Mar 27, 2023 - News

Bentonville goes from zero to two animal shelters

A mom and her kittens are waiting to be adopted at the Bentonville Animal Services Center. Photo: Alex Golden/Axios

After years with no nearby place to go, stray cats and dogs have two new temporary homes in Bentonville.

Driving the news: Until this year, the city was without an animal shelter. Now, it's got both a city-run shelter and a separate pet resource center run by Utah-based nonprofit Best Friends Animal Society that serves the region.

  • Previously the city's animal control officers took about 250 stray dogs per year found in city limits to the Centerton animal shelter and left it to community organizations to take in cats, Animal Services Director Ali O'Neill told Axios.
  • The city paid $7,000 per month to Centerton for animal services and $100 for each dog taken to the Centerton shelter, the Northwest Arkansas Democrat-Gazette reported.

Background: Roughly five years ago, the city considered working with Best Friends to build an animal shelter, but ultimately decided to stick with a city-operated facility. Best Friends moved forward with operating its first Arkansas location in Bentonville, anyway.

Details: The Bentonville shelter, located off Southwest I Street across from the community center, seeks to reunite suspected lost pets with their owners. Animals that go unclaimed at the shelter more than a week go up for adoption, O'Neill said.

  • There's room for 15 dogs and about the same number of cats.
  • The shelter contracts with a local veterinarian to offer vaccinations, microchip and spay/neuter services, and to treat sick animals. It's also working on a program for stray cats to be neutered or spayed.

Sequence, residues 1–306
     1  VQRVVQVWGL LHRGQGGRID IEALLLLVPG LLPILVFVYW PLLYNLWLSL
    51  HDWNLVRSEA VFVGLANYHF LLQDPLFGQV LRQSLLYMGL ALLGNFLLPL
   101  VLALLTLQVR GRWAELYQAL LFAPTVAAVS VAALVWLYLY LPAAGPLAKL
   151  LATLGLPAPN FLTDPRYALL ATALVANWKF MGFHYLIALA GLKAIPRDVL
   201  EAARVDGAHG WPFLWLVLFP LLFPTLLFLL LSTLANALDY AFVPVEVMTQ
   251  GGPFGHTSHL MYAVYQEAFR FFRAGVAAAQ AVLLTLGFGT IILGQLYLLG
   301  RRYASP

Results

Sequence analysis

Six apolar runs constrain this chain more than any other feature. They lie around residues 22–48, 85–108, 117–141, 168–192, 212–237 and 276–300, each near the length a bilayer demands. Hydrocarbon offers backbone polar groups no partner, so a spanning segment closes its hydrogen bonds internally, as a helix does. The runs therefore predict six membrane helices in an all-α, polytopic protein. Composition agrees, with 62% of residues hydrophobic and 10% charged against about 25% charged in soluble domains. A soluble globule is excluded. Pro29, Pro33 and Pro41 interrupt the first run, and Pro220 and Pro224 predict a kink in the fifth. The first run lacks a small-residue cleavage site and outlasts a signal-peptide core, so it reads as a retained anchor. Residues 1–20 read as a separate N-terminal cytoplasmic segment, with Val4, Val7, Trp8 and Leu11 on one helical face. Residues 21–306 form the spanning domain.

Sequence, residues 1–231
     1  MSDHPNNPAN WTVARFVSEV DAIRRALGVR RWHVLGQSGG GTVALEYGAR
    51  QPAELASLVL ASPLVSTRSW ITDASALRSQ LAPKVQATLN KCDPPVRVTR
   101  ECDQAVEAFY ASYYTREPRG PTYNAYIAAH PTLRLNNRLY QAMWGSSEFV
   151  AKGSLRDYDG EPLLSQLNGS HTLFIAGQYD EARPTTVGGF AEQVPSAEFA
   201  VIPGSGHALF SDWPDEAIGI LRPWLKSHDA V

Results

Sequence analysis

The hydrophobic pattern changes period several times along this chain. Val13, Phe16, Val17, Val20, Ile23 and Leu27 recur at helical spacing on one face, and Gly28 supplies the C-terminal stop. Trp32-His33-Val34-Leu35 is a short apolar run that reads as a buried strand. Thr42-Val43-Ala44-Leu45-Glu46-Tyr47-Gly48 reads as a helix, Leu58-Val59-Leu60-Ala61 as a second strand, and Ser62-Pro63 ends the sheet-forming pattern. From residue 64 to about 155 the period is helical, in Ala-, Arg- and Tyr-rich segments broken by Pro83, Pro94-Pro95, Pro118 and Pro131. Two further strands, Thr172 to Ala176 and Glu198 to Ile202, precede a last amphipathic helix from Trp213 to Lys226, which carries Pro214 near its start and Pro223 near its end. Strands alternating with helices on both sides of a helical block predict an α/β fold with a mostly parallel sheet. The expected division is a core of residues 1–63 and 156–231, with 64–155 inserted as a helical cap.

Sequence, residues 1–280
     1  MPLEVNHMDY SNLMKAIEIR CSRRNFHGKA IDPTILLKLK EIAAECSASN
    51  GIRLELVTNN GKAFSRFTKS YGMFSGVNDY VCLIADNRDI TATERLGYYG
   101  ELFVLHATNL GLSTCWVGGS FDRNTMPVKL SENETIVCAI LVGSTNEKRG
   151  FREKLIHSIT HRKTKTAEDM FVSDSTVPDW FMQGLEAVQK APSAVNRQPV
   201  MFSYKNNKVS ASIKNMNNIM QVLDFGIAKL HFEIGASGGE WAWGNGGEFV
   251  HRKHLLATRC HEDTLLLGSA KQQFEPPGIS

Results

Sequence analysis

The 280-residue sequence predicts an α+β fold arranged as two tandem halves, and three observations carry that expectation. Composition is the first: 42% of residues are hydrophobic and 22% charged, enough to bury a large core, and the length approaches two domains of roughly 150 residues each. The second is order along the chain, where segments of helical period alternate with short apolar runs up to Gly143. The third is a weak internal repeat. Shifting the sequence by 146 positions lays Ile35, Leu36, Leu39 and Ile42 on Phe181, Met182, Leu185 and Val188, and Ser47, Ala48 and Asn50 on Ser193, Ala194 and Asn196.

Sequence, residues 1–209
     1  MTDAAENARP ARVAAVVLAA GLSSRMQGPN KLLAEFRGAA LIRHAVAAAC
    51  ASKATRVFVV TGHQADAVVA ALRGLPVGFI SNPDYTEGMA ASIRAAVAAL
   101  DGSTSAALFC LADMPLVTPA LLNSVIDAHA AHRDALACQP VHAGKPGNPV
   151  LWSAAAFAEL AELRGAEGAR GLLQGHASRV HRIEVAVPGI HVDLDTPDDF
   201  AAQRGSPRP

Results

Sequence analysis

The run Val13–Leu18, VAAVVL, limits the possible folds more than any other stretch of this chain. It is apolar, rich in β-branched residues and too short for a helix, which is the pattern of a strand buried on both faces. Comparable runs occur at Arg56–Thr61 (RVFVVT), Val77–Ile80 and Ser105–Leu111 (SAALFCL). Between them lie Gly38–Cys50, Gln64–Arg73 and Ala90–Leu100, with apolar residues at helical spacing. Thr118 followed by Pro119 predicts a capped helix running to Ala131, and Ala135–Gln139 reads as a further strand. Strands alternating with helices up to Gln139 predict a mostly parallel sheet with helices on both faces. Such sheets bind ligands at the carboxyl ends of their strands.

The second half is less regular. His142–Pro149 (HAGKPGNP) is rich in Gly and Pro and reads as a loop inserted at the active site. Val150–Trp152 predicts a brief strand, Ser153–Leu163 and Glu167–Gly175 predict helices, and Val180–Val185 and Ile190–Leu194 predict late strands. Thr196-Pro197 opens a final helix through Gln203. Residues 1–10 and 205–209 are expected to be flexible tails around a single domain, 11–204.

• People looking to adopt can spend time with the animals or temporarily foster before deciding to take one in permanently.
One of the cat rooms at the Best Friends Pet Resource Center — the cats can go out on the enclosed patio at their leisure. Photo: Alex Golden/Axios

The intrigue: Best Friends seeks to be the "future of animal shelters," Linda DeBerry, spokesperson for Best Friends NWA, told Axios.

  • The center is focused on getting the community involved. The building includes a café and is open to the public to visit and play with the cats and dogs or take part in drop-in volunteer activities such as making treats or tying pet blankets.
  • All of the dogs have volunteer foster families and stay with them at night until they're adopted.
  • Part of Best Friends' mission is for the country to be entirely "no-kill" — meaning animals are only euthanized when they're severely ill without hope for recovery or especially dangerous — not for lack of shelter space. Animals are commonly killed in many shelters because they're overcrowded, DeBerry said.
  • To that end, the organization seeks to prevent pet owners from giving up their animals — and thus avoid crowding in shelters — by offering services such as free vaccinations and microchipping, free pet food for those who can't afford it and a resource center for pet-related problems or questions. The center has vets on staff and plans to eventually offer free spay and neuter services to low-income individuals.

Of note: The city shelter is also no-kill by that definition.

How it works: Best Friends NWA picks up cats and dogs from overcrowded shelters across the state and puts them up for adoption.


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